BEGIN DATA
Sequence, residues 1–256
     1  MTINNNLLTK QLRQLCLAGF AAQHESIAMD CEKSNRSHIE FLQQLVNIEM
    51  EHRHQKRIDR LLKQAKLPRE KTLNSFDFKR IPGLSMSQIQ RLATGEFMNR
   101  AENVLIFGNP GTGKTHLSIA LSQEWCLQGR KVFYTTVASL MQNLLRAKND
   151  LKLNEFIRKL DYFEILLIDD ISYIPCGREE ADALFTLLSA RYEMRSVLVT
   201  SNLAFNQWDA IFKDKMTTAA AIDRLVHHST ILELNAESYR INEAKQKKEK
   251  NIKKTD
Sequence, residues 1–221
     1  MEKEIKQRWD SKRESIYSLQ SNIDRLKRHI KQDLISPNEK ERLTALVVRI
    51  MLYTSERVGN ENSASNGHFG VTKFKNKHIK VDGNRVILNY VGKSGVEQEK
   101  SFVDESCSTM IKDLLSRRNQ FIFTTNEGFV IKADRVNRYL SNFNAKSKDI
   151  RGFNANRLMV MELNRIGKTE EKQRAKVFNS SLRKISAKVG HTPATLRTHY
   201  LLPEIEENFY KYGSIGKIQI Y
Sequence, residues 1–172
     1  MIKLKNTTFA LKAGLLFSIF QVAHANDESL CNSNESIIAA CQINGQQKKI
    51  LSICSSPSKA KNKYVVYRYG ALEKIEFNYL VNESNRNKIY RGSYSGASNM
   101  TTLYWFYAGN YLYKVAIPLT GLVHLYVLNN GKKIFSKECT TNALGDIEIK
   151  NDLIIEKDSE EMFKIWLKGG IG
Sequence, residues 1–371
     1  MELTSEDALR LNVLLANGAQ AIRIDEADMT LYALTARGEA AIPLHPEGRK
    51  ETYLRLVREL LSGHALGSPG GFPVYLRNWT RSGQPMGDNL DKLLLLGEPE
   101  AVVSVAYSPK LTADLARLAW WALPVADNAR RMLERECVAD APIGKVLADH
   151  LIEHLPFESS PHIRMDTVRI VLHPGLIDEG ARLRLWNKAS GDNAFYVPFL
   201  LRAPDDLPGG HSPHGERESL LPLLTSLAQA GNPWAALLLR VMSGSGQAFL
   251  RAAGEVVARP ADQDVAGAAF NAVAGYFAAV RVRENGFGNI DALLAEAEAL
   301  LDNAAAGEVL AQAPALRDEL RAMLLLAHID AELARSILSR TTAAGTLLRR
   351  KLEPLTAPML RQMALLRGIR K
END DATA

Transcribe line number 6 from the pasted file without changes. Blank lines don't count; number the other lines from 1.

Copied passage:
   201  SNLAFNQWDA IFKDKMTTAA AIDRLVHHST ILELNAESYR INEAKQKKEK